It may be that these compounds, themselves, have a direct effect upon transmission or that they will attach themselves to the enzymes which would break down our own naturally occurring enzymes. The consequences would be the same in either case.It is well known that casein (from human or cow milk) will break down in the stomach to produce a peptide known as casomorphine which, as the name implies, will have opioid activities. Similar ef fects are noted with gluten from wheat and some other cereals in which case the compounds formed are gluteomorphins.If this opioid excess hypothesis is correct, there are a number of strategies which can be adopted. Firstly the anti-opioid drug "naltrexon e" could be considered and promising results have been reported. Not all of the reported trials on Naltrexone have produced positive benefits but where appropriate, very low dose, therapies are employed, the results seem to be better. Alternatively, a die t which excludes casein (milk and dairy produce) or gluten (wheat and some other cereal products) could be considered. It may be possible to determine, from the pattern of the urinary peptides whether casein or wheat or both should be avoided but such con clusions may be premature at this stage. It has been observed that those children whose autism appears at or around the time of birth may have a problem with casein whereas those whose autism becomes apparent at about two years of age, when a wheat based diet is more likely to be adopted, have particular difficulties with gluten. Some children may have difficulty with both.Norwegian colleagues of Reichelt have published data which support the effectiveness of such dietary programmes but these studies cann ot be considered as conclusive. There have been no other real attempts to demonstrate the effectiveness of such diets on a scientific basis. Numerous people have experimented on an individual basis and have reported successful responses but such evidence cannot be considered as, in any way, conclusive. In RimlandÆs studies of parental reports, however, the results appear to be very much superior to those obtained with any drug based therapy.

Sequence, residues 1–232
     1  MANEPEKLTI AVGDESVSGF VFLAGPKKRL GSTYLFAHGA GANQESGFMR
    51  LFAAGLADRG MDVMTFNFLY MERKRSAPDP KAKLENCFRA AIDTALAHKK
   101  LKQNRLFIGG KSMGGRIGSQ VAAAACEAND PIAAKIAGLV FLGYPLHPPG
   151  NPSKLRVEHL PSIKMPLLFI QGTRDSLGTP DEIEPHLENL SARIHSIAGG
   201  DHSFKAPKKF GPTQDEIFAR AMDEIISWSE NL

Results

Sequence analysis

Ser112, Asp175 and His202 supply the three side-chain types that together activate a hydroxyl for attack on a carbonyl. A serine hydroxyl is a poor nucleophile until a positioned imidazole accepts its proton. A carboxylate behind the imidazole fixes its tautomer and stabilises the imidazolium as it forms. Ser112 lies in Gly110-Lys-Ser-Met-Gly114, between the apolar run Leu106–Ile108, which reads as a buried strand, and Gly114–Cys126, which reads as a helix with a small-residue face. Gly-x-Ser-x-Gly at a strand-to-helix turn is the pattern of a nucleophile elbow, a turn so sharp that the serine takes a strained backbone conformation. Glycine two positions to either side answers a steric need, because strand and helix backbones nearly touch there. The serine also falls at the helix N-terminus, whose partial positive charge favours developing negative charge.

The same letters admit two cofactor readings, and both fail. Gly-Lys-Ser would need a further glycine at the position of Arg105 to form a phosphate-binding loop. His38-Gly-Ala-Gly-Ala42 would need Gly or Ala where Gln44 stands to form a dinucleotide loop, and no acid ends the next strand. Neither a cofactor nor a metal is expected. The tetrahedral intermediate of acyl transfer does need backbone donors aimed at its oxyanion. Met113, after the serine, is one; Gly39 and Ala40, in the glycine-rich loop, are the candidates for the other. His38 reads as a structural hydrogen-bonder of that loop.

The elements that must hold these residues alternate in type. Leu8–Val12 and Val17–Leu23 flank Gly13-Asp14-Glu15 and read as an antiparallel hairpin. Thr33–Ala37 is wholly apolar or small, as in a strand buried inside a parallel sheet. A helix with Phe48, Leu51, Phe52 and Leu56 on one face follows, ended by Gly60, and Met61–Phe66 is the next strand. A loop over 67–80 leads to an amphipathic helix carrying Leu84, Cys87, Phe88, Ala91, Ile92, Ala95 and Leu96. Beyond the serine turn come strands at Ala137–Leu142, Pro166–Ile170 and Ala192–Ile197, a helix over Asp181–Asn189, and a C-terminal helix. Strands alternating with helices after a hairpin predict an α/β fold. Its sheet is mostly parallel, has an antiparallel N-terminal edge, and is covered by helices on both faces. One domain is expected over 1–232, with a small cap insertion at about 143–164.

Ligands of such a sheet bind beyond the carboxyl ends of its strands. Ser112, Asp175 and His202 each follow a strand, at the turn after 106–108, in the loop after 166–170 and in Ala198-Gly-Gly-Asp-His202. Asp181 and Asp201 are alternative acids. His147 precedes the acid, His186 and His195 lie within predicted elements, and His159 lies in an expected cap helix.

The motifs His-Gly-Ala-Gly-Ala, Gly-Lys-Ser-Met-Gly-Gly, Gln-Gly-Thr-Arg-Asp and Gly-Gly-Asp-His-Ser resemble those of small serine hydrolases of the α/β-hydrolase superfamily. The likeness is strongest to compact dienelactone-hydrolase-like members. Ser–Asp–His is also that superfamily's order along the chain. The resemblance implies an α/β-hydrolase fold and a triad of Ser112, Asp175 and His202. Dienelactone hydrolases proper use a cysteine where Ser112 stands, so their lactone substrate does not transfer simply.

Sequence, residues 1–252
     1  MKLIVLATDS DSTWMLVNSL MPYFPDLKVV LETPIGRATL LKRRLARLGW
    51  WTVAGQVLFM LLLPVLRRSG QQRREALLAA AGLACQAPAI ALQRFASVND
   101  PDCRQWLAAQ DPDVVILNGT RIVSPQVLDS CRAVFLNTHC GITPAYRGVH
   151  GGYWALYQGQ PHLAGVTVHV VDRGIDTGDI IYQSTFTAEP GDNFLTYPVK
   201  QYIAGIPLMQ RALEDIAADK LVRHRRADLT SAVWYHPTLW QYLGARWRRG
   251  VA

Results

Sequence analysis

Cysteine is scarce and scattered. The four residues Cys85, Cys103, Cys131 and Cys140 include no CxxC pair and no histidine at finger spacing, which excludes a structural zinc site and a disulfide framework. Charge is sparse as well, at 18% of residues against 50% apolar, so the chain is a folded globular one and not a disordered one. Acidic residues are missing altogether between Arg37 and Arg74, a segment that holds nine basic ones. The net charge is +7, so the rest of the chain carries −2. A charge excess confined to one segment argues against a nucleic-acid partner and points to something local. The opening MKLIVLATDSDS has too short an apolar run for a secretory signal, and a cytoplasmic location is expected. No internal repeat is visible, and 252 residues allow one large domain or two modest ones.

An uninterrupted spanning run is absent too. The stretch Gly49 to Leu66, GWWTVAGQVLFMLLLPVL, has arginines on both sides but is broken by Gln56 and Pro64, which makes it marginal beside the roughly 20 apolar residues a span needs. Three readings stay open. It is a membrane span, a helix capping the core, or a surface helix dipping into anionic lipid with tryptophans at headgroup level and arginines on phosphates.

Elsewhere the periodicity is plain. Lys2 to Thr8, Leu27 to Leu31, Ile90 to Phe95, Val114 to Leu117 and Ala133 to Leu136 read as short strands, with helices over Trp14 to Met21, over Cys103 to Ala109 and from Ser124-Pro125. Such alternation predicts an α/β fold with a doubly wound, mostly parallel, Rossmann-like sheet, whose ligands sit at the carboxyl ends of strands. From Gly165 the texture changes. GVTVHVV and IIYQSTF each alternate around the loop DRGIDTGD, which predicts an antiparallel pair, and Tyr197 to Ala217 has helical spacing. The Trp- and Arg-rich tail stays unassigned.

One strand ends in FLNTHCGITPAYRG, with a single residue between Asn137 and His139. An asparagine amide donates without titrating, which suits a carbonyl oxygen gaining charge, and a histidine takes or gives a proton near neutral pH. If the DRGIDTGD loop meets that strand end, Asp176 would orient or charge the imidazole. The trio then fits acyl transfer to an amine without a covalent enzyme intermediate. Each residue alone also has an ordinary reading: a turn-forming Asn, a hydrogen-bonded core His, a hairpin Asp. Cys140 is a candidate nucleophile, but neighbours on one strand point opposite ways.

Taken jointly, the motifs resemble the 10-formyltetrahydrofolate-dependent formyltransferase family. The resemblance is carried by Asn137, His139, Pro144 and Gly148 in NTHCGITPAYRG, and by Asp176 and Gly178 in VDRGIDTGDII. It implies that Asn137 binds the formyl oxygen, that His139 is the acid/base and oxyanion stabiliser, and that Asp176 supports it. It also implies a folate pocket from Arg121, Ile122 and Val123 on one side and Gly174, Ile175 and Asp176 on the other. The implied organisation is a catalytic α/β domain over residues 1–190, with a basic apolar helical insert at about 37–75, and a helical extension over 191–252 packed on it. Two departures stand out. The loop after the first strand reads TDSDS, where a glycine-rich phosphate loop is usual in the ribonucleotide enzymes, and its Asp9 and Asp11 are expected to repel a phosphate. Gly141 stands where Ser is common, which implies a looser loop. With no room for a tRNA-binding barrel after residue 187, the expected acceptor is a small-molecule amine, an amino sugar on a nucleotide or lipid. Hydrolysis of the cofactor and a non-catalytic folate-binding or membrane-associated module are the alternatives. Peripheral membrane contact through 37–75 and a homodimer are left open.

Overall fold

Practical Aspects
The theoretical processes described here are toxicological in nature rather than allergic. The results are akin to poisoning rather than an extreme sensitivity such as occurs in coeliac disease or sensitivity to certain food colourings. Removal of gluten and/or casein containing products requires the active participation of all those concerned with the child's well-being. Tests have often been ruined by a well meaning relative who ignores parental instruction or by schools or therapists who feel that the proposals are rubbish. Carers must satisfy themselves that the diet is being adhered to before any evaluation is possible. Gluten and Casein free products, together with advice on their use, are available from Pharmacies. Nutritionist and dieticians woul d also be able to advise. Initially the reported effects may be negative. Upset stomach, anxiety, clinginess, dizziness, aches and pains and slight ill-temper have all been reported. Experience would suggest that these are good signs and precursors of a p ositive response. Reichelt recommends a trial period of three months. If it has not worked within that time it is unlikely to do so. Experience also suggests that the results are more easily demonstrated in younger children. The effects in fully grown ind ividuals appear less impressive. It should also be noted that the withdrawal effects may also be more noticeable in small children and that these can sometimes be very marked. Where younger children are involved (less than 4 years old for example), it may be appropriate to withdraw the offending foods in stages over a period of two weeks. Given that there appear to be a number of possible causes of autism it is not unexpected that no unitary solution will be found for all cases.
Conclusions
Although the hypotheses may appear "off the wall" in many respects, there are a number of pieces of evidence which support them. The ideas are compatible with virtually all the accepted biological data on autism and are worthy of consideration.The dietary method must still be considered as experimental and no positive results can be promised or are claimed. The use of diet may well be far less harmful than other medical interventions or therapeutic regimes but care is still necessary during its implementa tion. We would be pleased to receive any feedback of a positive or negative nature from anyone utilising such dietary modification in the amelioration of autism.